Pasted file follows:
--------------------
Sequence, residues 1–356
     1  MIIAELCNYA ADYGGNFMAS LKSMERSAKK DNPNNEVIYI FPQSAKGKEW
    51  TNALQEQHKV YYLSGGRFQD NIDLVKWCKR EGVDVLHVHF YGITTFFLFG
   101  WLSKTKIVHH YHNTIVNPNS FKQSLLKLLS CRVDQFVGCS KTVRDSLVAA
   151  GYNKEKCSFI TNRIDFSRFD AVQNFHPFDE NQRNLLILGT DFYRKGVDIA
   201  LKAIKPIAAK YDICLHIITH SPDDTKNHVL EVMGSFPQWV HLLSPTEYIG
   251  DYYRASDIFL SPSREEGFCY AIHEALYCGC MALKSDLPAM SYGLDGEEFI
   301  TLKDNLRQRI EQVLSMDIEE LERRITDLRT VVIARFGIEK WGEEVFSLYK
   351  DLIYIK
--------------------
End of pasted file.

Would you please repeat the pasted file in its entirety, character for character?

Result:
Sequence, residues 1–356
     1  MIIAELCNYA ADYGGNFMAS LKSMERSAKK DNPNNEVIYI FPQSAKGKEW
    51  TNALQEQHKV YYLSGGRFQD NIDLVKWCKR EGVDVLHVHF YGITTFFLFG
   101  WLSKTKIVHH YHNTIVNPNS FKQSLLKLLS CRVDQFVGCS KTVRDSLVAA
   151  GYNKEKCSFI TNRIDFSRFD AVQNFHPFDE NQRNLLILGT DFYRKGVDIA
   201  LKAIKPIAAK YDICLHIITH SPDDTKNHVL EVMGSFPQWV HLLSPTEYIG
   251  DYYRASDIFL SPSREEGFCY AIHEALYCGC MALKSDLPAM SYGLDGEEFI
   301  TLKDNLRQRI EQVLSMDIEE LERRITDLRT VVIARFGIEK WGEEVFSLYK
   351  DLIYIK